O’Flanagan spent some time attending to his ecclesiastical duties at St.
Sylvester in Rome in Rome "the Church for the English-Speaking Peoples
In 1914 the new Bishop of Elphin, Bernard
Coyne, appointed O’Flanagan as curate to the parish of Ahamlish,
serving in Cliffoney village. After arriving there he became involved in
a turf cutting dispute that became known as the ‘Cloonerco Bog Fight’.
The dispute was brought about by the Congested District’s Board who
persisted that turf cutting rights be awarded to families who had
relatives in the British Army or Royal Irish Constabulary (R.I.C.).
The local farmers who depended on turf for cooking and heating their
homes were, literally, left out in the cold.. Bishop Coyne warned
O'Flanagan not to become involved in the dispute
At the onset of the turf cutting season in
1915 O'Flanagan instructed the local farmers to meet him outside the
church with their turf cutting implements. Ignoring the Bishop’s warning
he led them to the bogs where they encountered a large contingent of RIC
who ordered them to stop. Ignoring their orders Fr Michael marched
through the assembled RIC and cut the first sod of turf himself.
Reluctant to arrest a priest the RIC backed off. Despite selected
arrests and legal action by the authorities the local farmers prevailed.
After cutting and saving the turf the
farmers, in an act of defiance, stacked the turf close to the RIC
barracks with a sign that read: “OUR OWN TURF FOR OUR OWN PEOPLE:
FOREIGNERS HAVE NO RIGHTS HERE”.
In retaliation for having defied the bishop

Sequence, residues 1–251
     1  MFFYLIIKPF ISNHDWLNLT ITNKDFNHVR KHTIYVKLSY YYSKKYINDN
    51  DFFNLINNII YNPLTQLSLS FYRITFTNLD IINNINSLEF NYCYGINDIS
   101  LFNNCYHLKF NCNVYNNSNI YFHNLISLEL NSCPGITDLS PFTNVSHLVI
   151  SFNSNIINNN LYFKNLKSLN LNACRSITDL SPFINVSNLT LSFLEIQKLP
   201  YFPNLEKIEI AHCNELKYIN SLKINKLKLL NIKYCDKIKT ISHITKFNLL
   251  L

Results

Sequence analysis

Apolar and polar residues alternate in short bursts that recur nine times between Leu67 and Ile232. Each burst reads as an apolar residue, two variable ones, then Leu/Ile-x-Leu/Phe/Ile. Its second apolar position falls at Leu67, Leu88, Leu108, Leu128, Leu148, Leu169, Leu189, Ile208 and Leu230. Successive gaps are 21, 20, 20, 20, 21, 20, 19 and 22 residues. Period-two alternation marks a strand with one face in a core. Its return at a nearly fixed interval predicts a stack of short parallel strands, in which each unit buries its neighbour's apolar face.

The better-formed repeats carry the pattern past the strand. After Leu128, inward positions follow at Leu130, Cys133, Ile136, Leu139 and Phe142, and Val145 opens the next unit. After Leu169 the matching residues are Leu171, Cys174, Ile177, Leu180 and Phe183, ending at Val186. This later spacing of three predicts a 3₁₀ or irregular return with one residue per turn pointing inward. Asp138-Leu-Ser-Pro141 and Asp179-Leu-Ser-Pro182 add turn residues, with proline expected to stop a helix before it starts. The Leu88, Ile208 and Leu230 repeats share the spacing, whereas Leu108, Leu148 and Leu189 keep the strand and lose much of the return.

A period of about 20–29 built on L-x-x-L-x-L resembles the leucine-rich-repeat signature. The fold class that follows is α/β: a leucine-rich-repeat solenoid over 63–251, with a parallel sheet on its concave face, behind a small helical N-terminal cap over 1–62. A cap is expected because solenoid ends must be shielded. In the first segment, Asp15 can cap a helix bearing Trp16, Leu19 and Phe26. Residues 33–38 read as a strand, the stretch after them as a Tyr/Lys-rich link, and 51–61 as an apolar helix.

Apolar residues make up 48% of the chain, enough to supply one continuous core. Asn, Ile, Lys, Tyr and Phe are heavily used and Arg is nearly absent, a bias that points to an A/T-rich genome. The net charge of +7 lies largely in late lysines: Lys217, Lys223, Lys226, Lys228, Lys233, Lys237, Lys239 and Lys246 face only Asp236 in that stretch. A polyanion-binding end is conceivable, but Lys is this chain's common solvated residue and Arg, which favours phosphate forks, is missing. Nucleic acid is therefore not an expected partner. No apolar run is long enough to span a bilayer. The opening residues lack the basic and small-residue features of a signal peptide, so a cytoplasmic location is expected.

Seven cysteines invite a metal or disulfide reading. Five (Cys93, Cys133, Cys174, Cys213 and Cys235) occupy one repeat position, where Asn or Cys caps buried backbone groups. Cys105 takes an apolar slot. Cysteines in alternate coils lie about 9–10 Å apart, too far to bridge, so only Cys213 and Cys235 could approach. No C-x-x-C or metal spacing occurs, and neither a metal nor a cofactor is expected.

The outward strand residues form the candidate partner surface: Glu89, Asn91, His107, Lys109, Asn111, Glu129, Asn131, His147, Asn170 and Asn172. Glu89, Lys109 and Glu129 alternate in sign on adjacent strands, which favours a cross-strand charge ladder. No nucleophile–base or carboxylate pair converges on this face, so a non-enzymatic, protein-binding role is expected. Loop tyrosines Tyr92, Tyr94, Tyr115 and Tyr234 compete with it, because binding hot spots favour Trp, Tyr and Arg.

regarding the turf cutting incident as well as his anti-British stance,
Fr. O’Flanagan was transferred to Crossna, a remote parish in north
Roscommon reserved for recalcitrant priests. If the intent was to
silence him it did not work. He continued to agitate for the
redistribution of land to the farmers who worked its’ soil for
privileged and/or absentee landlords. He also spoke out against
Ireland’s forced participation in WWI – the War of the Empires.
On Sunday 1st August 1915 Fr. O’Flanagan
officiated at the funeral of O’Donovan Rossa. He accompanied O’Rossa’s
widow, Mary Jane, and daughter in their carriage in the funeral cortege
to Glasnevin where he conducted the burial service in Irish. After he
finished Pádraig Pearse delivered the funeral oration, a speech for the
He did not participate in the Easter Rising
of 1916. He considered the executed leaders martyrs and heroes and their
execution a grave criminal act, akin to a war crime. In its aftermath
he became more fervent and committed to Ireland’s freedom and
At the 1917 Sinn Féin convention nationalist
leaning members led by Arthur Griffith and republican leaning members
led by de Valera resolved their differences and agreed to move forward
in pursuit of an independent Irish Republic. De Valera was elected
President of the unified organization; Arthur Griffith and O’Flanagan
were elected vice-Presidents. O’Flanagan who was an effective and
knowledgeable leader took control of the organization during de Valera’s
prolonged tour of the United States in 1920.
In May of 1918 during the East Cavan
by-election campaign O’Flanagan denounced the British and German
war-mongers who had led millions to their deaths: “Those royal
cousins who rule England and Germany will come together and clink their
champagne glasses over the graves of millions of the flower of the
manhood of Germany and England.”
After this speech O’Flanagan was sanctioned by Bishop Coyne
who could not countenance any criticism directed at the British for
either their callous treatment of their Irish subjects or their imperial
During the 1918 General Election campaign,
O’Flanagan’s oratorical skills and eloquence was a major factor in the
success of Sinn Fein candidates who won 73 of the 105 seats contested.
Those skills were clearly demonstrated in the successful election
campaign of Count Plunkett’s in Roscommon north.
Count Plunkett was the father of Joseph M. Plunkett, one of the
executed 1916 Proclamation signatories. He was also a distant cousin of
the aforementioned Horace Plunkett.
The Irish General Election of 1918 was part
of the United Kingdom's General Election for seats in the British House of